The author, based on discussions that took place at the ARI Movement’s annual security conference in June 2007, expresses strong conviction that a nuclear-armed Iran posses great threat to world peace. He points out the parallels between Hitler’s Germany and Ahmadinejad’s Iran, emphasizing that the policy of appeasement toward Germany before World War II lingers today in the face of great risk for tomorrow...  

Joel Sprayregen | 05 September 2007

Iran Foreign Policy towards Iraq and Syria, Summer 2007

Iran Foreign Policy towards Iraq and Syria, Summer 2007

  This paper investigates the roots of Iranian foreign policy toward Iraq and Syria after the 2003 invasion of Iraq. Because of its geo-strategic location, political-cultural characteristics and energy sources, Iran is a pivotal state in shaping the international politics of the Middle East. Since the September 11th events, Iran has increasingly had impact on the issues such as regional crises in Afghanistan, Iraq and Lebanon as well as the war against global...

Kayhan Barzegar | 05 September 2007

Turkey's Iraq Policy, Summer 2007

Turkey's Iraq Policy, Summer 2007

The question, ultimately, weighing on the minds of many U.S. policy makers and strategists is whether a convergence can be found, if at all possible, between Turkish national interests, its government’s Islamist tinge, and U.S. regional interests, particularly when it comes to that salient centerpiece dominating the geopolitical conversation of the region, if not the world: Iraq...  

Oubai M. Shahbandar | 05 September 2007

NATO in Central Asia: In Search of Regional Harmony, Summer 2007

NATO in Central Asia: In Search of Regional Harmony, Summer 2007

The events in Andijon in May 2005 precipitated a signifi cant deterioration of relations between Central Asian republics and the West, while at the same time enhancing Russian and Chinese positions in the region. Enhancing Western position in the region will require a more coordinated and systematic approach, as well as a transparent policy implementation process. NATO should serve as primary vehicle in building deeper ties with the region. Furthermore NATO should explore possibilities for...

Katja Gersak | 05 September 2007

Shanghai Cooperation Organization and Prospect of Development in the Eurasia Region, Summer 2007

Shanghai Cooperation Organization and Prospect of Development in the Eurasia Region, Summer 2007

The authors outline the recent evolution and current framework of the SCO, stating that it is not an antagonistic security alliance as some in the West perceive it to be. Instead, they argue, it should be seen as a vehicle for increasing economic and social prosperity in the region. It is pointed out that the rhetoric of human rights preached by Europe and the U.S. backfires in the region, heightening a sense of threat. That the SCO can play a central role in stabilizing Afghanistan is...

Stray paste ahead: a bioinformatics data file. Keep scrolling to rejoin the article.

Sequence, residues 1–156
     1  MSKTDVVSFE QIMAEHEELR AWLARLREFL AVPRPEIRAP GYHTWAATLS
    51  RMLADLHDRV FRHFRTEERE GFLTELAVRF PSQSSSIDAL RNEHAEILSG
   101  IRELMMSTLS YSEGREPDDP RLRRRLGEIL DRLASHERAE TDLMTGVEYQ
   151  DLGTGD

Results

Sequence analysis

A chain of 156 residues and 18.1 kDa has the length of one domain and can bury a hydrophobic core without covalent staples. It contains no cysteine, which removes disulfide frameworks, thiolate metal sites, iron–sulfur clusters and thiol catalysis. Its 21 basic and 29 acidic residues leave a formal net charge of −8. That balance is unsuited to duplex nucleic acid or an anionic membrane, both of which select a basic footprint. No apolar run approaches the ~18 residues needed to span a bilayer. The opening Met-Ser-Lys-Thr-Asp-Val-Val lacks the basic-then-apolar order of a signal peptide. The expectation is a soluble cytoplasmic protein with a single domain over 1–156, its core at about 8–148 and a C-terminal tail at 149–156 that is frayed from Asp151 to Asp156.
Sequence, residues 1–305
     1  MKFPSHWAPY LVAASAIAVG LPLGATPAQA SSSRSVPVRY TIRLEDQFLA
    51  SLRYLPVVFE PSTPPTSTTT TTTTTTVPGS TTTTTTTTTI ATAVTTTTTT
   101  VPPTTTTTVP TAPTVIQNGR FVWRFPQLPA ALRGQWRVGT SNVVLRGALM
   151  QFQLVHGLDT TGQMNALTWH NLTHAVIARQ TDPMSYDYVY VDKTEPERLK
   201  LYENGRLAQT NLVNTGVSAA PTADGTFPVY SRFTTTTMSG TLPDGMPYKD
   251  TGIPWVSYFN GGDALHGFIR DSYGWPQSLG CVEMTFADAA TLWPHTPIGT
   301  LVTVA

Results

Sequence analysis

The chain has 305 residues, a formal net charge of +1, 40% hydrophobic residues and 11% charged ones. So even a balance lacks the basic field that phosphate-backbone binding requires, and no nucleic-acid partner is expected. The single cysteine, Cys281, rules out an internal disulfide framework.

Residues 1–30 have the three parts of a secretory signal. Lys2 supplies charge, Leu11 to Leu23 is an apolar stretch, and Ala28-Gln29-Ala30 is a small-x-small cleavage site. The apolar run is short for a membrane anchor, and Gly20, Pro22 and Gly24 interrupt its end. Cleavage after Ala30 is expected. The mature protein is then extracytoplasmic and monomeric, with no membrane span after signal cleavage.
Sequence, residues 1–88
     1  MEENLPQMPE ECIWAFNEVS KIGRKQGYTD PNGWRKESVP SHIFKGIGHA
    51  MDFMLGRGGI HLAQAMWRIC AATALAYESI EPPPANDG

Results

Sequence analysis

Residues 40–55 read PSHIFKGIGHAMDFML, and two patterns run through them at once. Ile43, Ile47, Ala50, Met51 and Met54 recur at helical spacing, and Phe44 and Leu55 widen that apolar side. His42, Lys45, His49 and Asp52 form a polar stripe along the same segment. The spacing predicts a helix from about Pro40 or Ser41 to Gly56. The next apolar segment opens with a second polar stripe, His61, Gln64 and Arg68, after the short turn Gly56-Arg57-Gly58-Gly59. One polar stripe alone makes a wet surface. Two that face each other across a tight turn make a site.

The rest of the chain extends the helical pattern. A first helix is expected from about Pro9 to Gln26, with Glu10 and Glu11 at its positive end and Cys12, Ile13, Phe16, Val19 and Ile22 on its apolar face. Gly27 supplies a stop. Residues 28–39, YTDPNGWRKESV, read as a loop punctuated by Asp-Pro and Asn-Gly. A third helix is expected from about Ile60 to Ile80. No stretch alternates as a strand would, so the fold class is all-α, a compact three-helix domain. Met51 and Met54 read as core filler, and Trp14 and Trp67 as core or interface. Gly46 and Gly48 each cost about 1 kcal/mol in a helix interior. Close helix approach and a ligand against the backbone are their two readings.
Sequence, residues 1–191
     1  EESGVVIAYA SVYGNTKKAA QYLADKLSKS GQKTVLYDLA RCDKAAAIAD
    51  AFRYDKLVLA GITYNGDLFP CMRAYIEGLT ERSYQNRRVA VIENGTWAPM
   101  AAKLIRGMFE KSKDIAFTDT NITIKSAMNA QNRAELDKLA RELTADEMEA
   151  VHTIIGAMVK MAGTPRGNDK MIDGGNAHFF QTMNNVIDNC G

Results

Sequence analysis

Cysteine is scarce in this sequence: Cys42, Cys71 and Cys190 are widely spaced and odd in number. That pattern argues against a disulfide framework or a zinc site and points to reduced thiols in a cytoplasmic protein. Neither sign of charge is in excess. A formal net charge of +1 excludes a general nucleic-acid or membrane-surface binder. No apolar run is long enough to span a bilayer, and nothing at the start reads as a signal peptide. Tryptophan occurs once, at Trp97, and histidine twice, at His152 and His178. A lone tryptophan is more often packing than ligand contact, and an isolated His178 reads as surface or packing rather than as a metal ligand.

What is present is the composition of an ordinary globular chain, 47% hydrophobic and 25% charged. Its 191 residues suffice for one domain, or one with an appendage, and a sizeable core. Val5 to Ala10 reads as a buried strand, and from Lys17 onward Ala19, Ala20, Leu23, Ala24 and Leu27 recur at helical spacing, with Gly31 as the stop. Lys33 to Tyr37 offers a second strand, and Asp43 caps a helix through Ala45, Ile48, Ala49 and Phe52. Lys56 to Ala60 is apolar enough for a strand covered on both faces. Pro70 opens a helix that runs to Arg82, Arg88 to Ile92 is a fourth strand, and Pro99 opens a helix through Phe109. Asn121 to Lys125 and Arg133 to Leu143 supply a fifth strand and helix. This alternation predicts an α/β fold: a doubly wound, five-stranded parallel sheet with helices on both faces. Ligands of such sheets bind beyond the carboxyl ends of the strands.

Prajakti Kalra & Siddharth S. Saxena | 05 September 2007

The 2007 Parliamentary Elections in Kazakhstan: Results and Prospects, Summer 2007

The 2007 Parliamentary Elections in Kazakhstan: Results and Prospects, Summer 2007

This article focuses on the political reform ongoing in Kazakhstan and the elections which took place in August 2007. The authors argue that democratization and positive change is underway and the failure of the opposition parties in the recent elections was largely a result of their lack of progressive ideas and emphasis on merely attacking authorities. The authors conclude that, unlike many observersfrom abroad think, Kazakhstan will benefit most from the stability that the current single...

Marian Abisheva & Timur Shaimergenov | 05 September 2007

Uzbekistan: Lessons from the Field, Summer 2007

Uzbekistan: Lessons from the Field, Summer 2007

The post–communist transition of Central Asia has been different from Eastern Europe. Two decades after the main swing to democracy has substantially changed the heart of Europe, Central Asian countries still seem somewhat frightened and hesitant to join the train of progress and democratization. What are the main internal and external reasons for this difference? Authors representing one of the two remaining U.S.-funded non governmental organizations engaged in democracy building on the...

Mjusa Sever & Fazil Khasanov | 05 September 2007

STAY CONNECTED
SIGN UP FOR NEWSLETTER
TWEETS
FACEBOOK
FROM THE DESK OF THE EDITOR
From The Desk Of The Editor This issue of TPQ comes at a time when global instability is arguably at its highest point since the end of World War II. The Western-led liberal world order that emerged in its wake, anchored by NATO and bolstered by multilateral institutions such as the European Union and the World Bank is fraying, and the principles upon which the order was founded are being undermined. Furthermore, the...
PARTNERS